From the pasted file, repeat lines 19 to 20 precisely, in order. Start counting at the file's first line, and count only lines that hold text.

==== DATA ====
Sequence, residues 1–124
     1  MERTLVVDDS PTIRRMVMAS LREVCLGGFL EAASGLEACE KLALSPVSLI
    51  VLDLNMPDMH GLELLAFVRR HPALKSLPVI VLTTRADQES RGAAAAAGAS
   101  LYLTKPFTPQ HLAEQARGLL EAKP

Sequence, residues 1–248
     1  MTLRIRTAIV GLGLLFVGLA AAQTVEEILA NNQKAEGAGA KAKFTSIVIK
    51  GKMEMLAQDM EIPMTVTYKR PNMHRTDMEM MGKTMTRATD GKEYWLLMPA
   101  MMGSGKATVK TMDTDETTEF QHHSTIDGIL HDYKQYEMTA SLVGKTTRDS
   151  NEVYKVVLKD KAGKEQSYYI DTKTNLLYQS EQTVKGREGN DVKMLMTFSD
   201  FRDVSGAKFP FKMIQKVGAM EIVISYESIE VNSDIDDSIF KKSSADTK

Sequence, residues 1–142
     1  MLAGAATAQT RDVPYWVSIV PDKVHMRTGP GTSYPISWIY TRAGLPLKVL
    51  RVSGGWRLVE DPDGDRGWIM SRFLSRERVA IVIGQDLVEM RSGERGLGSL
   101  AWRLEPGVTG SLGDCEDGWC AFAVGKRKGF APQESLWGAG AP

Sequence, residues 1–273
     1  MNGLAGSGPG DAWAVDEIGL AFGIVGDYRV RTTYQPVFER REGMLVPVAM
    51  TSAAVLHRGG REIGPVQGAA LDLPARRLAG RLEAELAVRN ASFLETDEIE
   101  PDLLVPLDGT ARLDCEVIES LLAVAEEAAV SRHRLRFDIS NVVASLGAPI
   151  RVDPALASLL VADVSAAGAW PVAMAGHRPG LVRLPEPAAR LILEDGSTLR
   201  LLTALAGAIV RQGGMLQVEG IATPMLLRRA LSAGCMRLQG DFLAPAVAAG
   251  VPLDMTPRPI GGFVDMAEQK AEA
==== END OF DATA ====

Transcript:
   151  RVDPALASLL VADVSAAGAW PVAMAGHRPG LVRLPEPAAR LILEDGSTLR
   201  LLTALAGAIV RQGGMLQVEG IATPMLLRRA LSAGCMRLQG DFLAPAVAAG